Carrying The Torch: Cops Run For Special Olympics
Law enforcement officers from Avon, Avon Lake help raise funds for Special Olympics
A dozen police and fire personnel laced up their sneakers to carry the Special Olympics torch on a 2.75-mile run from Avon to North Ridgeville June 20 as part of the national Law Enforcement Torch Run.
Shrouded in fog, the men started out behind the old Avon police department before running—accompanied by a police escort—down Detroit and onto Stoney Ridge Road. The run took them to the VFW Hall in North Ridgeville for the torch to be handed over to a new team of law enforcement workers.
From there, the torch wound its way through Northern Lorain County to Ohio State Highway Patrol Post 47 on SR 82.
The Avon satellite leg included Avon policeman George Ruple, Avon Lake policemen Sean Bockelman, Mike Bulger, Les Carrender, Don Godleski, Luke Hagedorn, Duane Streator, Fran Tibbitts and Jim Valencic, Euclid police captain Jim Savage, Barberton police sergeant Steve Burt and Avon Lake firefighter John Nakel.
The 13.9 Avon satellite leg is one of four in the Northeast Ohio. Other legs include Medina County, Walton Cuyahoga Falls and Ashland (June 23). Other runs include Ashtabula, Athens, Boardman, Capitol Square, Cincinnati/Dayton/Columbus, Euclid, northwest Ohio and Marrietta to Columbus, where the “Flame of Hope” will enter the stadium at Ohio State University.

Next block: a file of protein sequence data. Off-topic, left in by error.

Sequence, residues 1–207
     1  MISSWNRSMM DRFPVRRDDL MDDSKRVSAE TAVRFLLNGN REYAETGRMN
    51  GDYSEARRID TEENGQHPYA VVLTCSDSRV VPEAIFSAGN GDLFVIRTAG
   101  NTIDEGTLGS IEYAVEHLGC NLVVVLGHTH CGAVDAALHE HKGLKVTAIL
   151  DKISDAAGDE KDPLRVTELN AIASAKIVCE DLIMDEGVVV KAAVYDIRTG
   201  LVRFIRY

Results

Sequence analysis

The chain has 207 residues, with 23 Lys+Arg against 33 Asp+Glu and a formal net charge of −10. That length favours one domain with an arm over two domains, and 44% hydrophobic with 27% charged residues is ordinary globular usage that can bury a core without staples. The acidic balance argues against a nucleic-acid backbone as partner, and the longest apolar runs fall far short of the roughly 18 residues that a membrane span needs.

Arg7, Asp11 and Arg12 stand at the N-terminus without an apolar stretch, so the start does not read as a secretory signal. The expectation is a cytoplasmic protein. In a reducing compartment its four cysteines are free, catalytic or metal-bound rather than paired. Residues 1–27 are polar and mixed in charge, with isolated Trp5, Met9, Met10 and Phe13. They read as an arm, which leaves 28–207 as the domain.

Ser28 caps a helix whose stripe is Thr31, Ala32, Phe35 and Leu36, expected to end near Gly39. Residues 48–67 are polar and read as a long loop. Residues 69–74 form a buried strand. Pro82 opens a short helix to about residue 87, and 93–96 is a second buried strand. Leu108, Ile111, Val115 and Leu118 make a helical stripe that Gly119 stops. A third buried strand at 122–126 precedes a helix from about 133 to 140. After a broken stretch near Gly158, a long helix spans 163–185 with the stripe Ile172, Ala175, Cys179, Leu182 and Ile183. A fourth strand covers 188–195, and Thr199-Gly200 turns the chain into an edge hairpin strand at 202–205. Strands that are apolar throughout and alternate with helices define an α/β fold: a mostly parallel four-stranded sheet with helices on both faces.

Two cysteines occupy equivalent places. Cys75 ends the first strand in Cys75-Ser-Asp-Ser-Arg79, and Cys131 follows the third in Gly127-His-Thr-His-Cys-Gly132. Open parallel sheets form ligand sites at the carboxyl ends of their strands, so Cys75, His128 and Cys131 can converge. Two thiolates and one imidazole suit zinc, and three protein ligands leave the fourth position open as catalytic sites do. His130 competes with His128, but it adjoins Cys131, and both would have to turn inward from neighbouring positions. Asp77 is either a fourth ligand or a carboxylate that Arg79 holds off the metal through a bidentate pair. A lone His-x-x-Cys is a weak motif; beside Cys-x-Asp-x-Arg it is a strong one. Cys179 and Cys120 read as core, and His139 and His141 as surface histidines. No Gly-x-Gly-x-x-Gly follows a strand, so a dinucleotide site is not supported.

Jim Savage, a captain with the Euclid Police Department, helped organize this year’s run. Savage said this marks the 30th year nationally for the Torch Run and the 25th in Ohio. The event is held in all 50 states.
Nationally, officers and athletes run the Flame of Hope™ to the opening ceremony of local Special Olympics competitions, state/provincial Games, and National Summer or Winter Games. In Ohio, the games will be held at Ohio State.
Every two years, law enforcement officers from around the world gather to carry the Flame of Hope in a Law Enforcement Torch Run Final Leg in honor of the Special Olympics World Summer or World Winter Games.
Each offer who runs commits $25 to the Special Olympics. The Law Enforcement Torch Run, started by six police officers looking to give back, is the largest grass roots fund raiser for the Special Olympics, raising more than $100 million since its inception.